The Next Chapter

There are many iconic objects lost throughout history. Will Ferguson imagines what it would take to find them

The Giller Prize-winning writer discusses his latest novel, The Finder, with Shelagh Rogers.
The Finder is a novel by Will Ferguson. (Genki Alex Ferguson, Simon & Schuster Canada)

Will Ferguson has written humour, travel books and fiction. He won the 2012 Scotiabank Giller Prize for his thriller 419. He has won the Stephen Leacock Memorial Medal for Humour three times. 

His latest novel, The Finder, is a mix of his expertise in travel writing and fiction. The Finder whisks readers to Japan, Australia and New Zealand as Interpol agent Gaddy Rhodes, photographer Tamsin Greene and travel writer Thomas Rafferty unexpectedly cross paths as they track "The Finder" — a mysterious figure who believes they can find history's real-life lost objects.

Ferguson spoke with Shelagh Rogers about why he wrote The Finder.

Lost and found

"I wanted the objects that are in the novel to be real objects. There are enough real objects that are lost out there. For example, Muhammad Ali's gold medal from the Olympics. He got the gold medal as Cassius Clay, came back very proud, was wearing his medal into St. Louis and he was refused service because it was segregated. He was so disgusted. He threw his medal into the Ohio River. It sank into the mud and it sits there to this day. 

What if someone actually went out and found these real objects — objects that are valuable because they were lost​​​​?

"Same with the stolen Stradivarius violins that are listed, the Faberge eggs of the Romanov dynasty, Buddy Holly's glasses retrieved from the plane crash that killed him — all these objects are out there. I thought, 'What if someone actually went out and found these real objects — objects that are valuable because they were lost?'

"I like the idea of the world as a treasure hunt. But I wanted them to be real objects grounded in a real place, in real time."

A picture book for Barbara Joy

"This book is about lost objects that are found. After I finished writing it, I realized [I got the idea] when I was a broke university student in Toronto one year, I couldn't afford a present for my niece Barbie, Barbara Joy.

"It was her seventh birthday and I thought, 'Well, I'll write a story for her.' But I got into the story. I illustrated it, bound it and I sent her a copy. It's about the King of Forgotten Things. There's a little girl named Barbie Joy, who goes out and helps this guy find these lost objects. There are only five copies printed: One for her, one for myself, one for my mom, one for my grandma and one that's lost. I thought it was very appropriate. 

"It's the most limited edition book I've ever written, and there's one copy out there somewhere."

Pages from a picture book written and illustrated by Will Ferguson. (Submitted by Will Ferguson)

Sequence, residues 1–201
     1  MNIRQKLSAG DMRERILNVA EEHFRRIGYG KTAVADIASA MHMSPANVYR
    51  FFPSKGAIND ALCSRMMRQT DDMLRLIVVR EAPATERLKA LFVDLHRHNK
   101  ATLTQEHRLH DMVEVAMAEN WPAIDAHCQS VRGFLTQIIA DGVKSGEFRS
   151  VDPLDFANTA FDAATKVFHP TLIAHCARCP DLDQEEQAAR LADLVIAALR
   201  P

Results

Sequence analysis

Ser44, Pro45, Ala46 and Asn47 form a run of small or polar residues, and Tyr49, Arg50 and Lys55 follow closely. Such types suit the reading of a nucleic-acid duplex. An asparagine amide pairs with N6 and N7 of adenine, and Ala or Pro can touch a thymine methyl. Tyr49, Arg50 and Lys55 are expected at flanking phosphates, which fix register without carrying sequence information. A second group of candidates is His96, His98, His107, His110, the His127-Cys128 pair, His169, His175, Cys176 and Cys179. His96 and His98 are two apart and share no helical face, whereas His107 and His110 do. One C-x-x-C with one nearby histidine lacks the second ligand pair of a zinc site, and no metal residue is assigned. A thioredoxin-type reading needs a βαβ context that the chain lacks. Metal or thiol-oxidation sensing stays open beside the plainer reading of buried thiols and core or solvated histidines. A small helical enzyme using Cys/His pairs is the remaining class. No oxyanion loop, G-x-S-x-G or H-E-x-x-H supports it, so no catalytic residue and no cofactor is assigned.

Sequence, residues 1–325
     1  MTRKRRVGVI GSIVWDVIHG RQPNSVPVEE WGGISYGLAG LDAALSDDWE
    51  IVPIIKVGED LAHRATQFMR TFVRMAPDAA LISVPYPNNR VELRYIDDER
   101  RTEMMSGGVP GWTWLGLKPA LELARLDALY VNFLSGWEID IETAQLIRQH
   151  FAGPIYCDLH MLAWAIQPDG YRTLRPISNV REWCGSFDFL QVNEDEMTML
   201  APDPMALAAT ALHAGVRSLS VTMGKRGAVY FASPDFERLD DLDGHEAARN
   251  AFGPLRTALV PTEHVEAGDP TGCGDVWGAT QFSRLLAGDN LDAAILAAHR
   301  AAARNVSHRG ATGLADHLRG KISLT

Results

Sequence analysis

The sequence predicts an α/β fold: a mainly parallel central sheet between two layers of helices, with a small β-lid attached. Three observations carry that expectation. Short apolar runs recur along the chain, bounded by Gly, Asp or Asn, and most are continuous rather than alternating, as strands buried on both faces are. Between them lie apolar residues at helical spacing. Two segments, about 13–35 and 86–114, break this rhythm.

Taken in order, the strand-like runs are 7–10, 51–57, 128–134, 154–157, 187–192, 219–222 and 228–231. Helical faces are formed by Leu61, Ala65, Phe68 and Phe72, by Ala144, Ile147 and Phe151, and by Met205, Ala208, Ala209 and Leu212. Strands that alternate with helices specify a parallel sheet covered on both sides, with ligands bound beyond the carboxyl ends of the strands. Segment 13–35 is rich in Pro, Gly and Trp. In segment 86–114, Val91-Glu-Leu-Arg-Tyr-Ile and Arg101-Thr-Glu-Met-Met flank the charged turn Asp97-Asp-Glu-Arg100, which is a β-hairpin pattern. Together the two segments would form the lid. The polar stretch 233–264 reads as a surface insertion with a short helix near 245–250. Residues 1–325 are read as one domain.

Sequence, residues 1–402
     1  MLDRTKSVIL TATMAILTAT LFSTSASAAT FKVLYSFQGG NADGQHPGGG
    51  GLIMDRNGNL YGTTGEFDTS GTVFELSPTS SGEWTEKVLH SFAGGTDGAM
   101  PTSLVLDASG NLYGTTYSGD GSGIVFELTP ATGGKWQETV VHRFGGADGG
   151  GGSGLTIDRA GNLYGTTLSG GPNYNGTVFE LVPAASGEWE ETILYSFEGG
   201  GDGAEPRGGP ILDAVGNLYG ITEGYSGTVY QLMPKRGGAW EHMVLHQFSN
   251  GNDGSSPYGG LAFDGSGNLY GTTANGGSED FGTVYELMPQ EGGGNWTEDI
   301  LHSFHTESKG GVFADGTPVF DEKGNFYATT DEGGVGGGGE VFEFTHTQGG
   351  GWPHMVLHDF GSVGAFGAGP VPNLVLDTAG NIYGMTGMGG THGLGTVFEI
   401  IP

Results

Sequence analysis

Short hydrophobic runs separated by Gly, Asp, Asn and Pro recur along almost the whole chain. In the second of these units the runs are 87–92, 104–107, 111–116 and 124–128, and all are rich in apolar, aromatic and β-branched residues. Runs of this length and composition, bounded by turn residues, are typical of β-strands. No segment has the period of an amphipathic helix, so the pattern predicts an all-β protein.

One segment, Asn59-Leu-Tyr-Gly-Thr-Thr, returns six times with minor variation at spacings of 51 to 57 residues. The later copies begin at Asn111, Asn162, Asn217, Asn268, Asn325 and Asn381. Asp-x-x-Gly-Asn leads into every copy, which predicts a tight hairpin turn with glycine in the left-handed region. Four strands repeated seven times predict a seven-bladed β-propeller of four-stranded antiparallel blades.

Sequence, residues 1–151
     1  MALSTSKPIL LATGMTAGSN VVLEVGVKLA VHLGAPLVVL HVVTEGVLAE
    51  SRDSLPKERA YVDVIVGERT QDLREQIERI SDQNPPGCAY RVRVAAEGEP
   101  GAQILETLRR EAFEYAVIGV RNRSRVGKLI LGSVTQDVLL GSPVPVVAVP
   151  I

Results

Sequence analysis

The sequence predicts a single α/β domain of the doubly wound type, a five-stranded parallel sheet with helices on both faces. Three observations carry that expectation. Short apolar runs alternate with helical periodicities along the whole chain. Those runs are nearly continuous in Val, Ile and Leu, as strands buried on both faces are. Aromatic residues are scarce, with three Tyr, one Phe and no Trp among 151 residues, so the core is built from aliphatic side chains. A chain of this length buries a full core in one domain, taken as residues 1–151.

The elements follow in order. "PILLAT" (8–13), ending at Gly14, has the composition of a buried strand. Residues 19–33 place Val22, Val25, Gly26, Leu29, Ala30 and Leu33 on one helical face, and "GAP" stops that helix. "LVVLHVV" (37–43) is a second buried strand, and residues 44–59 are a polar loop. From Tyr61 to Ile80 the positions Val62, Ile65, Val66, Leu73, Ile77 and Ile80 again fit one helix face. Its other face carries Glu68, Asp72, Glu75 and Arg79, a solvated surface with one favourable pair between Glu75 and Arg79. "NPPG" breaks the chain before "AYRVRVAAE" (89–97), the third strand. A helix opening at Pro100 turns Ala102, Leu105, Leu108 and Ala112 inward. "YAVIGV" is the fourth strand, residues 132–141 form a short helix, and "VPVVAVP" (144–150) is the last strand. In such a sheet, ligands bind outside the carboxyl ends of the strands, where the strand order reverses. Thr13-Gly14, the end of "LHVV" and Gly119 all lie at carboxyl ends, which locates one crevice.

A love of shadowy figures

"I wanted the protagonist to be kind of the shadowy character that finds people. I've always been fascinated by anti-heroes. For example, I find Patricia Highsmith's character fascinating, the talented Mr. Ripley.

I find anti-heroes compelling, that we want them to succeed even when we shouldn't.

"I find anti-heroes compelling, that we want them to succeed even when we shouldn't. It's the ambiguity in the conflict that you stir up in a reader. That's what makes a book compelling." 

Romantic friendships

"I also wanted to write about male-female friendship. Because ultimately, although the characters of Tom Rafferty and Tamsin Greene sleep together on and off. They're friends who've known each other for 14 years. They have been through something horrible together and support and also enable each other. It's not entirely a healthy relationship, but it is a relationship.

I wanted to capture that fearlessness: she's a war photographer. He's a travel writer.

"I wanted to write about these long-term romantic friendships that develop as we get older. And I wanted to kind of write about these kickass female war photographers; the correct term is conflict photojournalists, but everyone still says war photographer.

"I wanted to capture that fearlessness: she's a war photographer. He's a travel writer. Both of them share this experience of being engaged in the world, but not part of it. It's a strange life: you're in these far-flung areas, but you're never entirely there." 

Writing about travel

"It was hilariously funny to make one of the characters a travel writer. My first travel assignment was 25 years ago. It was 1995. I wrote a travel guide to Japan. I've been a travel writer for 25 years. I've been doing solo trips mainly, but also press trips. And he's a middle-aged, burned-out travel writer. People ask, 'Is Rafferty based on you?' And I say, 'No, my last name is Ferguson; his last name is Rafferty. Clearly there's a difference right there.'

"Although I draw on my own experiences, 25 years as a travel writer, I never had the all-consuming obsessions with travel that Rafferty did. I'm married. I have kids. I write fiction as well. I'm more grounded. He's untethered. He doesn't even have a home."

Will Ferguson's comments have been edited for length and clarity.

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